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Hoffmann, R. A wiki for the life sciences where authorship matters. Nature Genetics (2008)

Mouse dyskerin mutations affect accumulation of telomerase RNA and small nucleolar RNA, telomerase activity, and ribosomal RNA processing.

Dyskerin is a nucleolar protein present in small nucleolar ribonucleoprotein particles that modify specific uridine residues of rRNA by converting them to pseudouridine. Dyskerin is also a component of the telomerase complex. Point mutations in the human gene encoding dyskerin cause the skin and bone marrow failure syndrome dyskeratosis congenita (DC). To test the extent to which disruption of pseudouridylation or telomerase activity may contribute to the pathogenesis of DC, we introduced two dyskerin mutations into murine embryonic stem cells. The A353V mutation is the most frequent mutation in patients with X-linked DC, whereas the G402E mutation was identified in a single family. The A353V, but not the G402E, mutation led to severe destabilization of telomerase RNA, a reduction in telomerase activity, and a significant continuous loss of telomere length with increasing numbers of cell divisions during in vitro culture. Both mutations caused a defect in overall pseudouridylation and a small but detectable decrease in the rate of pre-rRNA processing. In addition, both mutant embryonic stem cell lines showed a decrease in the accumulation of a subset of H/ACA small nucleolar RNAs, correlating with a significant decrease in site-specific pseudouridylation efficiency. Interestingly, the H/ACA snoRNAs decreased in the G402E mutant cell line differed from those affected in A353V mutant cells. Hence, our findings show that point mutations in dyskerin may affect both the telomerase and pseudouridylation pathways and the extent to which these functions are altered can vary for different mutations.[1]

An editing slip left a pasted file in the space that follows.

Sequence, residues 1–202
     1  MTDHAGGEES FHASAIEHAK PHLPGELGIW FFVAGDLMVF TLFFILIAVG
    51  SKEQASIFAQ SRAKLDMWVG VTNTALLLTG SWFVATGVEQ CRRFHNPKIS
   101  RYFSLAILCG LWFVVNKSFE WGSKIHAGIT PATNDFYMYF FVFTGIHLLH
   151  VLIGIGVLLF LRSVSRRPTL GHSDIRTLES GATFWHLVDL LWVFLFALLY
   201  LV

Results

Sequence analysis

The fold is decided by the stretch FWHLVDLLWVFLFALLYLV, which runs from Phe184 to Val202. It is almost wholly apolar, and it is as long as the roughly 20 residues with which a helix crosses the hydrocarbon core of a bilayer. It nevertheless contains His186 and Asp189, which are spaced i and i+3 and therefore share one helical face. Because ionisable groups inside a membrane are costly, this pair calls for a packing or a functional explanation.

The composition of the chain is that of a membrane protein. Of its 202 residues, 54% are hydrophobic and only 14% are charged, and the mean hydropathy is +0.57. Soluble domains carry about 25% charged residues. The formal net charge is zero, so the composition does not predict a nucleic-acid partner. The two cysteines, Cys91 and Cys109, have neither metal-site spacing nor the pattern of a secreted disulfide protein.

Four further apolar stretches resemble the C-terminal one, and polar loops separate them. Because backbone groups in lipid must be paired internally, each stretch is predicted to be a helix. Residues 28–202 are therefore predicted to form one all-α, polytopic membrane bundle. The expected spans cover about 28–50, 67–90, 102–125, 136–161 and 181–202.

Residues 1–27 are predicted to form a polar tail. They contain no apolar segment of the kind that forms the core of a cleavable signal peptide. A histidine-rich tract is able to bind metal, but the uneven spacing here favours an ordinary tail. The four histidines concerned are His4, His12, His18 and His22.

1. Mouse dyskerin mutations affect accumulation of telomerase RNA and small nucleolar RNA, telomerase activity, and ribosomal RNA processing. Mochizuki, Y., He, J., Kulkarni, S., Bessler, M., Mason, P.J. Proc. Natl. Acad. Sci. U.S.A. (2004) [Pubmed]
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